Karate, Nihon Jujutsu & Kobudo: In the footsteps of the Samurai

KARATE

The system Hakuda Kempo Toshu Jutsu includes our family system Sakugawa Ryu and the 100 year old Shoto Ryu school. Sakugawa Ryu Toshu Jutsu is the trunk and styles like Shoto Ryu, Wado Ryu and Goju Ryu are the branches. Tode Sakugawa was around in the mid 1800s and taught masters like Matsumura of Shuri and Teruya of Tomari. He trained in the Japanese Samurai school of Jigen Ryu, in Okinawan Te (uchinadi) with Takahara Peichin and in Chinese martial arts with Wang Zong Yue (Kushanku). Sokon Matsumura refined the arts after learning forms like Seisan and Gojushiho from Chinese master Iwah and his students included Itosu, Azato, Kyan and Funakoshi who introduced the art of Karatedo to a wider audience.

Karate kata taught in Bushinkai include (Japanese rather than Okinawan names give): Heian Shodan, Heian Nidan, Heian Sandan, Heian Yondan, Heian Godan, Tekki Shodan, Gekisai Dai, Bassai Dai, Empi, Kanku Dai, Wankan, Matsu, Hangetsu, Nijushiho, Jutte, Bassai Sho, Kanku Sho, Meikyo and Gojushiho.

Some of the senior Karate masters in the world from the Shoto and Wado branches include Hirokazu Kanazawa (10th Dan IMAF), Ikuo Higuchi (9th Dan IMAF), Kazuo Sakai (9th Dan IMAF). from the Goju branches senior masters include Morio Higaonna (10th Dan) and Tadanori Nobetsu (9th Dan IMAF).

Much as old style Karate (Toshu Jutsu) owes its origins to Chinese Quan Fa schools so too do some of the southwestern Japanese Jujutsu (Hakuda Kempo) schools. These schools include:

  • Akiyama Yoshin Ryu, the first style to be referred to as Hakuda
  • Shidare Yanagi Ryu, derived from Yoshin Ryu and taught within the Yoshida family
  • Kito Ryu, known for its soft internal movements and Chi power
  • Yagyu Shingan Ryu, related to the Chinese art of Hsing-I

Hakuda Kempo Toshu Jutsu is a synthesis of both old style Karate and old style southwest Japanese Jujutsu.

Kanazawa: Master of Shotokan Karate

Kanazawa: Master of Shotokan Karate

NIHON JUJUTSU

Nihon Jujutsu refers to Jujutsu (ie unarmed or lightly armed fighting systems) that is authentically Japanese as opposed to say Brazilian Jiu Jitsu.

Nihon Jujutsu as it is commonly taught is largely based up styles which originated in the Tokyo area and in Northeastern Japan such as Tenshin Shinyo Ryu (and its derivative Kodokan Judo), Takenouchi Ryu and Daito Ryu (and its derivative Aikido).

Daito Ryu, known as Aikijujutsu, is best known for its controls, arm locks, wrist manipulations and circular throws.

Tenshin Shinyo Ryu is known for its powerful hip throws, strikes and kneeling kata.

Nihon Jujutsu study often includes weapons like the Tanjo (Hanbo) a small stick rather like that of Escrima.

Minoru Mochizuki studied Gyokushin Ryu Jujutsu, Daito Ryu Aikijujutsu, Judo, Aikido, Muso Shinden Ryu Iaido, Shindo Muso Ryu Jodo and the Kenjutsu of Tenshin Shoden Katori Shinto Ryu. He was recognised by IMAF as a 10th Dan Aikido and a 9th Dan Nihon Jujutsu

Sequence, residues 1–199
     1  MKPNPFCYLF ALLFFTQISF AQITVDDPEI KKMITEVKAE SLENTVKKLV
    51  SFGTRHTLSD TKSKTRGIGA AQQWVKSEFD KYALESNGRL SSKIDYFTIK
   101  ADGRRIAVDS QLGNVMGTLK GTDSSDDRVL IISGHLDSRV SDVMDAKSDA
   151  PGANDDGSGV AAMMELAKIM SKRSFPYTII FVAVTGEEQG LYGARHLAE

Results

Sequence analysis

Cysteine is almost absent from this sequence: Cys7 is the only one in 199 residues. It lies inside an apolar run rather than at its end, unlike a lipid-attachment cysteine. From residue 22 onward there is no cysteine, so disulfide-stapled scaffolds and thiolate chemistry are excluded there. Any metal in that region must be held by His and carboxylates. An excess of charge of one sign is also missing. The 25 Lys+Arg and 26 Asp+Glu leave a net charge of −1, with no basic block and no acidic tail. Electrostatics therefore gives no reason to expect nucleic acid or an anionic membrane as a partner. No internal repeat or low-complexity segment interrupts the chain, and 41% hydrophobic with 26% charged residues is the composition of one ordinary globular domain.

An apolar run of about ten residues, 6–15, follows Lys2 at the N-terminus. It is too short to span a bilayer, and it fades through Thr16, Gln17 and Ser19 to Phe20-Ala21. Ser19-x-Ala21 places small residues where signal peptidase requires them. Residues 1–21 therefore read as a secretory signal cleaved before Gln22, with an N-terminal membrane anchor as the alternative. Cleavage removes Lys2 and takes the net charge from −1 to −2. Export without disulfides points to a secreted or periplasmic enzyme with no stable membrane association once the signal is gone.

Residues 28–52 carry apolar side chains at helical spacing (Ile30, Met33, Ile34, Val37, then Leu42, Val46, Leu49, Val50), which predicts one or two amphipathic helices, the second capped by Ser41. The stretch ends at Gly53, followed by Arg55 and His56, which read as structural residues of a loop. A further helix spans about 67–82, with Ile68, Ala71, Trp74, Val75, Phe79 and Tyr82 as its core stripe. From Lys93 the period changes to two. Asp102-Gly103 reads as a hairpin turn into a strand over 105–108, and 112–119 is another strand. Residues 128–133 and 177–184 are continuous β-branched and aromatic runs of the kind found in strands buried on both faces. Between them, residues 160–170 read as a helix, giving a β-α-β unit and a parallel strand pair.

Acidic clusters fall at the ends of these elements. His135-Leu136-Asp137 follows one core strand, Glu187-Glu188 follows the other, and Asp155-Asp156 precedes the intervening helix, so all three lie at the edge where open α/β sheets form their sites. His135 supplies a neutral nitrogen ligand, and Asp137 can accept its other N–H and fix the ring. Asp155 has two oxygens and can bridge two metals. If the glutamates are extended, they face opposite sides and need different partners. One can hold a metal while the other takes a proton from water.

Minoru Mochizuki studied Gyokushin Ryu Jujutsu, Daito Ryu Aikijujutsu, Judo, Aikido, Muso Shinden Ryu Iaido, Shindo Muso Ryu Jodo and the Kenjutsu of Tenshin Shoden Katori Shinto Ryu. He was recognised by IMAF as a 10th Dan Aikido and a 9th Dan Nihon Jujutsu

KOBUDO

Kobudo can refer to two completely different arts:

1) Nihon Kobudo (Koryu Bujutsu) the ancient fighting arts of Japan.

2) Ryukyu Kobudo (Emono Jutsu) the weapons arts of Okinawa.

The following is a list (not exhaustive) of weapons often taught in these schools:

  • Katana: Japanese longsword. Also taught in some Okinawan schools (such as Kojigen Ryu and Motobu Ryu)
  • Sai: Okinawan hand trident. Comparable to the Japanese Jutte
  • Nunchaku: Okinawan flails
  • Tonfa: Okinawan side handled baton
  • Rokushaku Bo: Six foot staff taught in both Japan and Okinawa
  • Jo: Staff of around four feet long. Most famously taught in the Japanese school Shindo Muso Ryu
  • Tanjo: Short staff such as an Escrima stick, but in Japan more likely to be a harder wood
  • Surujin: A type of weighted bolas popular in Okinawa
  • Kama: Hand scythe used in both Okinawa and Japan. Also Kusarigama – a kama on a chain
  • Tanto: A dagger. Also used are Kodachi/Wakizashi (short sword) and Aikuchi (knife)
  • Tinbei and Rochin: Sword (Jian) and shield exclusive to Okinawa. The Rochin is also considered a short spear
  • Yari: The spear was taught in the art of Sojutsu and in Okinawa as the Nunti Bo
  • Naginata: A halberd art famously taught in Tenshin Shoden Katori Shinto Ryu
  • Shuriken and Shaken: Throwing blades and stars associated with Ninjutsu but were not exclusively so
  • Tessen: Use of the iron fan was common in both Japan and China
  • Dipdao: The Chinese butterfly swords were used in some Okinawan styles
  • Tekko: Knuckle dusters
  • Eku: Some Okinawan styles taught to fight with a boat oar. Also Kuwa (garden hoe)
Sakugawa Ryu Katana forged in the Far east but made of Swedish steel. Pictured with the book of Kawaishi, Bill Nelson's Jujutsu master

Simon Keegan’s katana

Hakuda Kempo Toshu Jutsu (Karate & Jujutsu)
Thursday Evening 8-9:30. Price £6
Van Dang Martial Arts, 12 Newton Street
Manchester Piccadilly
Chief Instructor: Simon Keegan 5th Dan
Instructors: Kicki Holm 2nd Dan, Dan Sanchez 2nd Dan

For more information email: kaicho@runbox.com

An introduction to our Karate method and our Tai Chi, Jujutsu and Iaido styles…

  • Okinawan Karate and southwestern Japanese Jujutsu: Hakuda Kempo Toshu Jutsu
  • Traditional Beijing Tai Chi: Yang Style
  • Traditional Iaido from the Tokyo area: Muso Jikiden Eishin Ryu
  • Traditional northeastern Japanese Jujutsu system: Nihon Jujutsu
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